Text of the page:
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Every job in Spacelift is processed inside a fresh, isolated Docker container. This approach provides reasonable isolation and resource allocation and - let's face it - is a pretty standard approach these days.

Standard runner image»

By default, Spacelift uses the latest version of image, a simple Alpine image with a small bunch of universally useful packages. Feel free to refer to the Dockerfile that builds this image.


Given that we use Continuous Deployment on our backend and Terraform provider, we explicitly don't want to version the runner image. Feature previews are available under a future tag, but we'd advise against using these as the API might change unexpectedly.

Standard runner image flavors»

  • runner-terraform:latest (default) - includes aws CLI
  • runner-terraform:gcp-latest - includes gcloud CLI
  • runner-terraform:azure-latest - includes az CLI


The reason we have separate images for cloud providers is that the gcloud and az CLIs are enormous and we don't want to bloat the default image with them.

Allowed registries on public worker pools»

On public worker pools, only Docker images from the following registries are allowed to be used for runner images:

  • (Azure Container Registry)
  • dkr.ecr.<region> (All regions are supported)
  • (Google Cloud Container Registry)
  • (GitHub Container Registry)

Customizing the runner image»

The best way to customizing your Terraform execution environment is to build a custom runner image and use runtime configuration to tell Spacelift to use it instead of the standard runner. If you're not using Spacelift provider with Terraform 0.12, you can use any image supporting (by far the most popular) AMD64 architecture and add your dependencies to it.

If you want our tooling in your image, there are two possible approaches. The first approach is to build on top of our image. We'd suggest doing that only if your customizations are relatively simple. For example, let's add a custom CircleCI provider to your image. They have a releases page allowing you to just curl the right version of the binary and put it in the /bin directory:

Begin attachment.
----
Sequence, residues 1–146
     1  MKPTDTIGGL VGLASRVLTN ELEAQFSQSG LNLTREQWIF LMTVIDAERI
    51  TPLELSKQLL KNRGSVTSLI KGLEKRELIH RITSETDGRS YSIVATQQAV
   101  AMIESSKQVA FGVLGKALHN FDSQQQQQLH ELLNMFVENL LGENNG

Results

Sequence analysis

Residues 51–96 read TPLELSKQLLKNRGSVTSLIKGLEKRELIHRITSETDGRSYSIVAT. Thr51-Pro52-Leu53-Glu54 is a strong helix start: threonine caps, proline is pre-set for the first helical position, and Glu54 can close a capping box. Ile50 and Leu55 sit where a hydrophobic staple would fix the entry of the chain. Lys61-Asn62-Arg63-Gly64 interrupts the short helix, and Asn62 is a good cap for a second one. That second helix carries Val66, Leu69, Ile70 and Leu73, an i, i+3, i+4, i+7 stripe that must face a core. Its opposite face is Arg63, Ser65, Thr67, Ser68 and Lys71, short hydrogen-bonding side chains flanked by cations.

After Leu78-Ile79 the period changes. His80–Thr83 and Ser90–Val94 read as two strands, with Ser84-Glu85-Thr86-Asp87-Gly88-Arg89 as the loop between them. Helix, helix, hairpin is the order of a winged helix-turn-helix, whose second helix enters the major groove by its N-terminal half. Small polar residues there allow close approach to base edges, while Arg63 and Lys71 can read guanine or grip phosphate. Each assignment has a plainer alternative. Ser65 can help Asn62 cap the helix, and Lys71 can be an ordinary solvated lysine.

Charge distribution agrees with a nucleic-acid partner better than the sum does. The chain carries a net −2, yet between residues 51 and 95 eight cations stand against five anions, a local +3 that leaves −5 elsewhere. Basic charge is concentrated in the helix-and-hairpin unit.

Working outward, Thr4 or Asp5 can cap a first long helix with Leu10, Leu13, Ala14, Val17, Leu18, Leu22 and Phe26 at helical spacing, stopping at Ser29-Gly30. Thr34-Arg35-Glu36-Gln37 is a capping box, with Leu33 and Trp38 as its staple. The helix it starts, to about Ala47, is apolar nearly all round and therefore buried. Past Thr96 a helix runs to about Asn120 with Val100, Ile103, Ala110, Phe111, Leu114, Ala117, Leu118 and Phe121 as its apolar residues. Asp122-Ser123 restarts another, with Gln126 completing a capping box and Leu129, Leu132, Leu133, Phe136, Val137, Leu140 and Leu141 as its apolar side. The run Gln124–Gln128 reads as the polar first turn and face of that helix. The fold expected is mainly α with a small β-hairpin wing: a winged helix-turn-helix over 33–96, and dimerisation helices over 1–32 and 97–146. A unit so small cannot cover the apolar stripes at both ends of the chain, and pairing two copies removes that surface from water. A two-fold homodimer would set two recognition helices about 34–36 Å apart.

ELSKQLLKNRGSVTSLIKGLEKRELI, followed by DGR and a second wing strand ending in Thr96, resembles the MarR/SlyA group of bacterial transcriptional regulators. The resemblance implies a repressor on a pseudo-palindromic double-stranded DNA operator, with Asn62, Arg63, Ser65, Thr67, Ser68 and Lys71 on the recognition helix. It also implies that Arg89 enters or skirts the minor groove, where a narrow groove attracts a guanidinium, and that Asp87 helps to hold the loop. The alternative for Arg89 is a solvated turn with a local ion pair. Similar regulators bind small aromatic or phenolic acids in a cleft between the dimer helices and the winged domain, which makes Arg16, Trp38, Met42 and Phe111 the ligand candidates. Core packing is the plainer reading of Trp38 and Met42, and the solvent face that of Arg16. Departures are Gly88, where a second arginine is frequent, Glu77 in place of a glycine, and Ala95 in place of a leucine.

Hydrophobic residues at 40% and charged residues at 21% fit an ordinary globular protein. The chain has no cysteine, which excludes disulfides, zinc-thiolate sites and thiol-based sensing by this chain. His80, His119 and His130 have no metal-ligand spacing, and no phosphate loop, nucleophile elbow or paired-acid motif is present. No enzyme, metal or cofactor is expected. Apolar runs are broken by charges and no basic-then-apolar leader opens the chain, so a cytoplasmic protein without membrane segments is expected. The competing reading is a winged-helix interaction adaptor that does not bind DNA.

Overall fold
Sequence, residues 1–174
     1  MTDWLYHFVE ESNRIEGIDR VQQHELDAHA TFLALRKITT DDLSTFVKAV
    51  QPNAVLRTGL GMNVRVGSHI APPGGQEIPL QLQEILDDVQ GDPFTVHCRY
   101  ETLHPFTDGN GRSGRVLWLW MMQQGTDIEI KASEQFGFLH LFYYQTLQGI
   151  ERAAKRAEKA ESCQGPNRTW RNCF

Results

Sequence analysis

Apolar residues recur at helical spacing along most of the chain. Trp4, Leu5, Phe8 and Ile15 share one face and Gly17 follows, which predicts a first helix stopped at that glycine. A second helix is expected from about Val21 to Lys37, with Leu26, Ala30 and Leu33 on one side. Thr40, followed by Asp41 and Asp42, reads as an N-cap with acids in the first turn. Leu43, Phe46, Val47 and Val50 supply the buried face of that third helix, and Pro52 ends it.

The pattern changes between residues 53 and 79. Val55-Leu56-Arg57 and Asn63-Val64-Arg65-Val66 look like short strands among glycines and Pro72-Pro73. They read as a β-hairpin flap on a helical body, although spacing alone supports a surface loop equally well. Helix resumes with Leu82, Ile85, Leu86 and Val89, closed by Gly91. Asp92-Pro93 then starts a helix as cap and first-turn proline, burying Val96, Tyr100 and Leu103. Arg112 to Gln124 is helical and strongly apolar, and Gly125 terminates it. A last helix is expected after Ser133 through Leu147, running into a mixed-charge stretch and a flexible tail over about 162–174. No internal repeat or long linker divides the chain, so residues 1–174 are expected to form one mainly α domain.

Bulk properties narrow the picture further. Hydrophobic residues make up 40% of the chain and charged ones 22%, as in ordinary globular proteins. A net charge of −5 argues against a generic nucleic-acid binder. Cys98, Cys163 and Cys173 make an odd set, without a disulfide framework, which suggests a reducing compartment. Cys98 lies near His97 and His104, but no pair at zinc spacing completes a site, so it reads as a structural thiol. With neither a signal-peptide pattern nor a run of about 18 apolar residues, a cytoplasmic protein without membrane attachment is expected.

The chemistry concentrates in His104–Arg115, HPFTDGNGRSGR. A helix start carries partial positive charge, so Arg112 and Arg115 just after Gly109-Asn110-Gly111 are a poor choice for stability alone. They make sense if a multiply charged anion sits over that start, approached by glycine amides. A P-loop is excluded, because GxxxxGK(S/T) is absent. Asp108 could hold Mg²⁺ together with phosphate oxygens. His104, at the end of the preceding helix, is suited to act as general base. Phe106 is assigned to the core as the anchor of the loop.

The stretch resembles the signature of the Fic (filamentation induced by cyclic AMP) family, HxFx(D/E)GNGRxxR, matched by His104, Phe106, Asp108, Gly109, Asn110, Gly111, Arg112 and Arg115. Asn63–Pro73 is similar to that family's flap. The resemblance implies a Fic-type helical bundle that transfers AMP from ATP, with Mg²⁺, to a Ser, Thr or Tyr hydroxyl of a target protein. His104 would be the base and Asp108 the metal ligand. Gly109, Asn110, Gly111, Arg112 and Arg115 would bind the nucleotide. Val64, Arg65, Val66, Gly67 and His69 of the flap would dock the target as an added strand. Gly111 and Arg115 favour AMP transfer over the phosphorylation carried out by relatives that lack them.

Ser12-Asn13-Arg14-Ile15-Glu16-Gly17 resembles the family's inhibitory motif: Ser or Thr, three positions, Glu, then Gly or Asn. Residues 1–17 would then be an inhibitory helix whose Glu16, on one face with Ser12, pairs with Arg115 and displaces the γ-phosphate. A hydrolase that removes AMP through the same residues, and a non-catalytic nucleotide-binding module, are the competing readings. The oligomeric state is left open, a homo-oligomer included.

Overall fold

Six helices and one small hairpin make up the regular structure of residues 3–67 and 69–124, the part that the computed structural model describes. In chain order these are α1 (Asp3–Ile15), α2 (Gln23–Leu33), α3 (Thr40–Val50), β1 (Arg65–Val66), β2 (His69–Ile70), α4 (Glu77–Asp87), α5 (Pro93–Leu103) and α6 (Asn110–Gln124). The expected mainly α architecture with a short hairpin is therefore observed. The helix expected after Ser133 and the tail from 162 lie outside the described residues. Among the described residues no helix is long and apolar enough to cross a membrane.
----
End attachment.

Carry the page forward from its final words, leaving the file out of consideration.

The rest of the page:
RUN curl -O -L \
  && mv terraform-provider-circleci-linux-amd64 /bin/terraform-provider-circleci \
  && chmod +x /bin/terraform-provider-circleci

For more sophisticated use cases it may be cleaner to use Docker's multistage build feature to build your image and add our tooling on top of it. As an example, here's the case of us building a Terraform sops provider from source using a particular version. We want to keep our image small so we'll use a separate builder stage.

The following approach works for Terraform version 0.12 and below, where custom Terraform providers colocated with the Terraform binary are automatically used.

FROM as spacelift
FROM golang:1.13-alpine as builder


# Note how we don't bother building the provider statically because
# we're using Alpine for our final runner image, too.
RUN git clone \
  && cd terraform-provider-sops \
  && git checkout c5ffe6ebfac0a56fd60d5e7d77e0f2a73c34c3b7 \
  && go build -o /terraform-provider-sops

FROM alpine:3.10
COPY --from=spacelift /bin/terraform-provider-spacelift /bin/terraform-provider-spacelift
COPY --from=builder /terraform-provider-sops /bin/terraform-provider-sops

RUN adduser --disabled-password --no-create-home --uid=1983 spacelift

An additional requirement is the presence of ps command in the image. The Spacelift worker periodically checks the status of the container image and it uses ps to do so.


Note the adduser bit. Spacelift runs its Docker workflows as user spacelift with UID 1983, so make sure that:

  • this user exists and has the right UID, otherwise you won't have access to your files;
  • whatever you need accessed and executed in your custom image has the right ownership and/or permissions;